View all Finding the Plug | October 14, 2017
Preface I of the Most Holy Eucharist
This preface is used for the Evening Mass of the Lord’s Supper, but also for other celebrations showing our devotion to the Eucharist, including Corpus Christi.
The Sacrifice and the Sacrament of Christ
The Catechism of the Catholic Church defines a sacrament as “An efficacious sign of grace, instituted by Christ and entrusted to the Church, by which divine life is dispensed to us through the work of the Holy Spirit” (see “Sacrament” in the Glossary). A sign implies something visible or perceivable (objects, gestures, speech), while grace involves something invisible (spiritual, often only recognizable in faith). “Efficacious” is a word not often used today, but the correct one for describing a sacrament: one definition is “having the power to produce a desired effect” (see “efficacious” in the Merriam-Webster’s Collegiate Dictionary. 11th edition). A sacrament is not just a static sign of something, like a traffic light; it is a sign that produces an effect beyond simply communicating information. We may perceive objects, gestures, and prayers while a sacrament is celebrated, but what we believe is that through those objects, gestures, and prayers the Holy Spirit is actively offering us divine life, because Christ taught us those objects, gestures, and prayers (albeit not down to the last detail) and promised they would bring us new life.
Case in point: the Eucharist. At the Last Supper the Lord instituted the sacrament of the Eucharist. He showed bread and wine to his Apostles and said, “this is my Body…this is my Blood…do this in memory of me.” The Apostles saw bread and wine, but they believed that in some mysterious way it was the Body and Blood of Christ that they needed for eternal life. Our Lord had taught them that, “Truly, truly, I say to you, unless you eat the flesh of the Son of man and drink his blood, you have no life in you; he who eats my flesh and drinks my blood has eternal life, and I will raise him up at the last day. For my flesh is food indeed, and my blood is drink indeed” (John 6:53–55).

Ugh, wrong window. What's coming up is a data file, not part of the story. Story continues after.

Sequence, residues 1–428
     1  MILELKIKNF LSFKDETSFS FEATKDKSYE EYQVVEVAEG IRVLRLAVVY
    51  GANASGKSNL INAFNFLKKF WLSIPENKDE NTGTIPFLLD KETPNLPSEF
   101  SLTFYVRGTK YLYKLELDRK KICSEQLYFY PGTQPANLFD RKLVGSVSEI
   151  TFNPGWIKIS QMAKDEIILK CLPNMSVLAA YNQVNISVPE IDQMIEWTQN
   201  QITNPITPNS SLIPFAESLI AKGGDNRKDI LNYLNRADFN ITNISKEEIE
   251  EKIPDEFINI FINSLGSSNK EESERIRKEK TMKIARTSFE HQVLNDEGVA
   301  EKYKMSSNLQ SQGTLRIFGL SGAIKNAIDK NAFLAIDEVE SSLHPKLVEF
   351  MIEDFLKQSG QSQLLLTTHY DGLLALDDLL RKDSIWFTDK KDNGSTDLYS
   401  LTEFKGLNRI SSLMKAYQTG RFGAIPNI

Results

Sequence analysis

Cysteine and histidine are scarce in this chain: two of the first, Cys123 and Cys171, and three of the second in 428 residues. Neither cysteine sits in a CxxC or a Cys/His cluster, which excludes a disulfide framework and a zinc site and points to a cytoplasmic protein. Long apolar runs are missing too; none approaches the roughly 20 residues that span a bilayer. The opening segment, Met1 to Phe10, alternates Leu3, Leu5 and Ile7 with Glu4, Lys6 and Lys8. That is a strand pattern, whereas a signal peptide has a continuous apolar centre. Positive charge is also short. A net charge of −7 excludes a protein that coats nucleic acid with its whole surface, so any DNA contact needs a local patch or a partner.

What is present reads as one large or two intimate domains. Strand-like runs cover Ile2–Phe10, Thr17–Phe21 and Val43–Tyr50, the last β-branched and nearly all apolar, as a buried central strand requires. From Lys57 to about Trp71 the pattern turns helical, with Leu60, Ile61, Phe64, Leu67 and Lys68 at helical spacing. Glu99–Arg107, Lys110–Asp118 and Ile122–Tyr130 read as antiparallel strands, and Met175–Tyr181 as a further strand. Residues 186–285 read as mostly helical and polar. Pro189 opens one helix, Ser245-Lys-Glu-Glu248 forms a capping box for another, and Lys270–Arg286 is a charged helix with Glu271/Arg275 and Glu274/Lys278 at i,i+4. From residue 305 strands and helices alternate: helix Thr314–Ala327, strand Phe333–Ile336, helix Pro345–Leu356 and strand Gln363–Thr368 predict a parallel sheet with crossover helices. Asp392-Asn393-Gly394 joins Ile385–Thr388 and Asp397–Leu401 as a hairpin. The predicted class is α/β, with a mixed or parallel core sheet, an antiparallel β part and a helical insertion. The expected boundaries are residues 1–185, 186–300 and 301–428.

In the Eucharist this teaching is explained: his actual body and blood were not really a morally acceptable food, which is why he insisted that his body and blood were “food indeed”: with the words, actions, and bread and wine in the celebration of the Eucharist (the sign), we eat the Lord’s flesh and drink his blood (a grace, invisible but present), so that we may have eternal life (the efficacy). We see bread and wine, but with the words of consecration that bread and wine transubstantiate into the Body and Blood of Our Lord. It’s no longer bread and wine, although it appears to be, and every scientific test would say nothing has changed, but in faith we know it is now Christ himself, body, blood, soul, and divinity, sacramentally present among us.
“For he is the true and eternal Priest, who instituted the pattern of an everlasting sacrifice and was the first to offer himself as the saving Victim, commanding us to make this offering as his memorial. As we eat his flesh that was sacrificed for us, we are made strong, and, as we drink his Blood that was poured out for us, we are washed clean.”
Our Lord, Our High Priest, offered himself to the Father on our behalf on the Cross and he continues to do so in the Eucharist. Bishops and priests today participate in his priesthood; he reopened the floodgate of pleasing offerings after eons of failed and fruitless attempts due to sin and the Fall. Man was not right with God, and, as much as he tried, he could not offer a sacrifice perfectly enough to make expiation for what he and the rest of the human race did by turning their backs on God. Our Lord came to resolve the dilemma: perfect Son, born of the Virgin Mary, and offering himself perfectly, once and for all, to the Father for our redemption.
His sacrifice was built to last: historically he may have sacrificed himself on Calvary, but sacramentally the fruits of that sacrifice reach us in every celebration of the Eucharist. We may partake of a small host and sip a bit of wine, but in faith we know we’re partaking of a heavenly feast. Let’s remember that every time we receive Holy Communion.